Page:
Great Lakes Echo» Blog Archive » Foggy future of Great Lakes climate puts pressure on Michigan cherry growers
There’s less ice on the Great Lakes, allowing for more evaporation and more lake-effect snow in cherry country. Farther north, Lake Superior has warmed five degrees since 1979.
More importantly for growers, cherry blossoms now appear seven to ten days earlier than they did three decades ago, leaving them susceptible to potentially devastating spring frosts.
...Spring frosts are the biggest threat to cherries, and the simulations suggest “the impact of frost is going to be a little worse, but not humongously so,” said Black.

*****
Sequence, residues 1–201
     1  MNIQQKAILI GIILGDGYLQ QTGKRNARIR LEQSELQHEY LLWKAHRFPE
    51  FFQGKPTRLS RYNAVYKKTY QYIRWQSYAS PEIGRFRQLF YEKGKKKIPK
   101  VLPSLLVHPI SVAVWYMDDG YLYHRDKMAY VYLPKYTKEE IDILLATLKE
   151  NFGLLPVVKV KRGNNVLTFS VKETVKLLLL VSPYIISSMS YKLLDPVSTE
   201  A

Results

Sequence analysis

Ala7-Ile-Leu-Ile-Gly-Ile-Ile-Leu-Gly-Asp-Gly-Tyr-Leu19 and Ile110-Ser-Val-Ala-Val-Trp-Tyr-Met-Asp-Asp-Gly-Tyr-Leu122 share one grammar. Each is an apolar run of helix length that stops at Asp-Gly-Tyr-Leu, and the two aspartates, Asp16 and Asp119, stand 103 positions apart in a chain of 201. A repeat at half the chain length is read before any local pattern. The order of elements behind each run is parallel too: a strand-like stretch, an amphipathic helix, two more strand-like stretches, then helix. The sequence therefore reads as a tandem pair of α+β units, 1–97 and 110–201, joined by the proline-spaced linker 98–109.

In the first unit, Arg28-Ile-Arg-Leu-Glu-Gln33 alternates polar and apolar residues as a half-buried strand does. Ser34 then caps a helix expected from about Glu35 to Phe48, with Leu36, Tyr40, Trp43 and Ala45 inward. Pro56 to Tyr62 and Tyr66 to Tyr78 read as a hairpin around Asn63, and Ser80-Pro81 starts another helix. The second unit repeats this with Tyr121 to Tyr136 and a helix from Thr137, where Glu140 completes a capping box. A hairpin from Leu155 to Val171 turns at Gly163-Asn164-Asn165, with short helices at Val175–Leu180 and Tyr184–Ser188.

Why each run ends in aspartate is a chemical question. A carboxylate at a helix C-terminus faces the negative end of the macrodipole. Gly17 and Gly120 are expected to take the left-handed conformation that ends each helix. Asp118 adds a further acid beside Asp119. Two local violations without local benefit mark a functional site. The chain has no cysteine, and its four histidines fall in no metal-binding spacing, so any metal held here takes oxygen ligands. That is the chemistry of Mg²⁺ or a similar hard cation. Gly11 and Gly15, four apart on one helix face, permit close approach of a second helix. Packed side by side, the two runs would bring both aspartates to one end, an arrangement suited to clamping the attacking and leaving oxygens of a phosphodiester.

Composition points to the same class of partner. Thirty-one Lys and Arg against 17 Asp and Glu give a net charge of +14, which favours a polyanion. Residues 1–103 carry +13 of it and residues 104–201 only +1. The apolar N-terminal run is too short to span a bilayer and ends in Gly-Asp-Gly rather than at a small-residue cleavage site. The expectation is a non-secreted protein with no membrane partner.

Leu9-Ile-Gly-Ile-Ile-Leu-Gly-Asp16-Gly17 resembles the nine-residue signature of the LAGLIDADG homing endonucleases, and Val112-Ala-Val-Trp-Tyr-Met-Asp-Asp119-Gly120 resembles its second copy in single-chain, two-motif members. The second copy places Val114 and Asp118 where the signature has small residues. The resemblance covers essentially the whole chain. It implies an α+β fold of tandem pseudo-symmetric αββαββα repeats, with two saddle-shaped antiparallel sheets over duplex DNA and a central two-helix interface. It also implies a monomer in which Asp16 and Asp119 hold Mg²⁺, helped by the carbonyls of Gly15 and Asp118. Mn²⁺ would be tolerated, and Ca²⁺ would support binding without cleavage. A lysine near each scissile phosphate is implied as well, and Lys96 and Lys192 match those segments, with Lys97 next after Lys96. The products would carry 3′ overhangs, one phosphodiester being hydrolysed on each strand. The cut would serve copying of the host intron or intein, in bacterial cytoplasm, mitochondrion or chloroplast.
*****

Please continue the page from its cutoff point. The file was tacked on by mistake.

While it’s far from certain that spring frosts will become more common in cherry country, even a hint that they might occur more frequently is worrisome for growers like James Nugent, who has worked on the project as an MSU horticulturist.
In 2002, after unseasonably warm April weather teased out cherry buds, an Alberta Clipper came howling across Lake Michigan, sending temperatures into the 20s and killing more than 99 percent of the crop.
“We couldn’t have made a cherry pie,” Nugent said.
The 2002 die-off “may have had nothing to do with climate change,” Black said, “but nonetheless, the growers were pretty anxious.” If the Pileus team could say with any certainty that a frostier future lies ahead, growers might invest in wind machines or other frost protection, or plant a hardier variety of cherry. They might switch to a different crop, or get out of farming altogether.
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